Afghanistan Nato: '30 civilians killed' during Taliban fighting
Thirty civilians have been killed in northern Afghanistan during an Afghan special forces mission supported by Nato, an Afghan spokesman says.
Provincial officials say many of the deaths were caused by Nato air strikes.
The air support was called in after troops were surrounded by Taliban militants, who took shelter in civilian homes, the spokesman said.
Nato says it will investigate reports of civilian deaths. Two US soldiers were also killed in the fighting.
"US forces conducted strikes in Kunduz to defend friendly forces. All civilian casualty claims will be investigated," the Nato-led Resolute Support mission said.
Mahmood Danish, a spokesman for the governor of Kunduz province, told the BBC the operation took place in an area called Body Kandahari, about 5km (3 miles) from Kunduz city centre.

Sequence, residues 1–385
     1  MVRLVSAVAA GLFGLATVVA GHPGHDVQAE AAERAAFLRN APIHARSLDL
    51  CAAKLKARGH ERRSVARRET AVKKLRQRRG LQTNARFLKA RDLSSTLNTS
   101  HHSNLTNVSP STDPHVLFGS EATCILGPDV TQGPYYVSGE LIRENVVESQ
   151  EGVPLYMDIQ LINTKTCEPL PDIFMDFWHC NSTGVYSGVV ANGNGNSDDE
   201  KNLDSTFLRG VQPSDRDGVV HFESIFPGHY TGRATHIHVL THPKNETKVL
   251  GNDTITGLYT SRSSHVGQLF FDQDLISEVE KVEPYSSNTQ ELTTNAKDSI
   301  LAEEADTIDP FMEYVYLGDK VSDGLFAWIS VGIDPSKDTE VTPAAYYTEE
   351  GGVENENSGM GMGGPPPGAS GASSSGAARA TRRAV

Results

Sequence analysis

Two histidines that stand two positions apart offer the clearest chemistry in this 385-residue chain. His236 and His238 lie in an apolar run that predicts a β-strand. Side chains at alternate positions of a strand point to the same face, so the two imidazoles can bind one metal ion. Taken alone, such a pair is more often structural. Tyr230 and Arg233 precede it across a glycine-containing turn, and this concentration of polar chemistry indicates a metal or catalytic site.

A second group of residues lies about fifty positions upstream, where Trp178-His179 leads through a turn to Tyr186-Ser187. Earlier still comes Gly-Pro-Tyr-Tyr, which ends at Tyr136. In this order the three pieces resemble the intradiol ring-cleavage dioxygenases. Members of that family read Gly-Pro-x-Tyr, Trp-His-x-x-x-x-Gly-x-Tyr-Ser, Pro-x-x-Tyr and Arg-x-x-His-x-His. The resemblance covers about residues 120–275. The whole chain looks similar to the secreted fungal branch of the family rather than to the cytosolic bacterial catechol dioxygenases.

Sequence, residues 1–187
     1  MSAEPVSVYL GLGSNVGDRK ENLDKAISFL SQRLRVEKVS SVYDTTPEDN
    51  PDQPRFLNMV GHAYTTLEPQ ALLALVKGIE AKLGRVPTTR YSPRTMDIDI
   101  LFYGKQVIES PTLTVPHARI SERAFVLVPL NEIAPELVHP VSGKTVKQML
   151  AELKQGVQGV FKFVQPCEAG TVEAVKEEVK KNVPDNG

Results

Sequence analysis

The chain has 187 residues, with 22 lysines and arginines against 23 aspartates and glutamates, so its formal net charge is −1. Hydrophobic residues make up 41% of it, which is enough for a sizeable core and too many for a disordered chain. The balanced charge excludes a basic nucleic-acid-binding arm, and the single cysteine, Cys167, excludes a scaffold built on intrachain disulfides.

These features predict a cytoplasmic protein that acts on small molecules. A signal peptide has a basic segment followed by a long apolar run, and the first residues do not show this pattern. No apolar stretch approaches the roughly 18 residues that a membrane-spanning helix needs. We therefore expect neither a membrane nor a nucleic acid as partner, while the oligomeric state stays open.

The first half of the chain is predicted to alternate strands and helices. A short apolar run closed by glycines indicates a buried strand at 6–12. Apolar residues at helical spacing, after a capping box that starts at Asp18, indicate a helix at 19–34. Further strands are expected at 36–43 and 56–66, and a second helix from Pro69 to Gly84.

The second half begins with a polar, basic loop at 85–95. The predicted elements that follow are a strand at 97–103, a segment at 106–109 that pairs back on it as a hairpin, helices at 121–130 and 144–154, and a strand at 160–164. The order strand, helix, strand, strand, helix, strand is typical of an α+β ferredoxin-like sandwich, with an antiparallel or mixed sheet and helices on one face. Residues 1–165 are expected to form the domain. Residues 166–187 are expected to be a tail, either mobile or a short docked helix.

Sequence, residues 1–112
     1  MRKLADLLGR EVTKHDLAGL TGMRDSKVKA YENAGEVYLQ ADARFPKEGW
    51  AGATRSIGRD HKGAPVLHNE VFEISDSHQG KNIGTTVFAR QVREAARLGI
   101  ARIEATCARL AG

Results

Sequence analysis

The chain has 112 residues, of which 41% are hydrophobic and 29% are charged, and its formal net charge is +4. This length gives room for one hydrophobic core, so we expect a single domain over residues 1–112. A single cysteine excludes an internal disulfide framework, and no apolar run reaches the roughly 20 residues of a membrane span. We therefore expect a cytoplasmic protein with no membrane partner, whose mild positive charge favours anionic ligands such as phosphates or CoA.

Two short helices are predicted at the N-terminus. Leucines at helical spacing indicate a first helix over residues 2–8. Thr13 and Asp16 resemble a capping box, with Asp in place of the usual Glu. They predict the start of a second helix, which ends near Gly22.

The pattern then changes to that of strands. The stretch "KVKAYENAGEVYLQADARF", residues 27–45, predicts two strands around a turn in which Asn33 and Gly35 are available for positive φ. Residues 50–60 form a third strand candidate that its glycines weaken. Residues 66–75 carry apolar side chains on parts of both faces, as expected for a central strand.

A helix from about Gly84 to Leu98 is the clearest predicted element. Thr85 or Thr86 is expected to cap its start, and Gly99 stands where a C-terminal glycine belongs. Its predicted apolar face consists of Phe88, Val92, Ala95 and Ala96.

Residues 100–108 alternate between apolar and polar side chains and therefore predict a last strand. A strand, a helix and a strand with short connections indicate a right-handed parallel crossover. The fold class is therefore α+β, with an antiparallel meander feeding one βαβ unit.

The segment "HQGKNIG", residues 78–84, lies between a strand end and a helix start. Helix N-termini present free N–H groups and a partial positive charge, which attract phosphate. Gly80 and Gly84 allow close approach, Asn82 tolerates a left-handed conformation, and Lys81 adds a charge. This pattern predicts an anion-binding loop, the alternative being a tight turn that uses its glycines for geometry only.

There were angry protests from civilians, who brought bodies of some of the dead to the governor's office in Kunduz city.
Images showed the body of an infant girl being carried by a group of civilians.
Taza Gul, a 55-year-old labourer, said: "I am heartbroken. I have lost seven members of my family. I want to know, why these innocent children were killed? Were they Taliban? No, they were innocent children."
A further 25 civilians were wounded in the operation in Kunduz, Mr Danish said, and 26 Taliban fighters were killed, including two commanders. The Taliban say only three of their fighters were killed.
US soldiers killed
The US military said its soldiers died after coming under fire during a mission to clear a Taliban position.
Two other US soldiers were wounded, it said. General John Nicholson said the soldiers' loss was "heartbreaking".
Taliban fighters came close to overrunning Kunduz city last month and the security situation in the area remains febrile. The insurgents control large areas of the province around the city.
US combat operations against the Taliban officially ended in 2014 but special forces have continued to provide support to Afghan troops.
Afghan forces have suffered thousands of casualties, with more than 5,500 killed in the first eight months of 2016.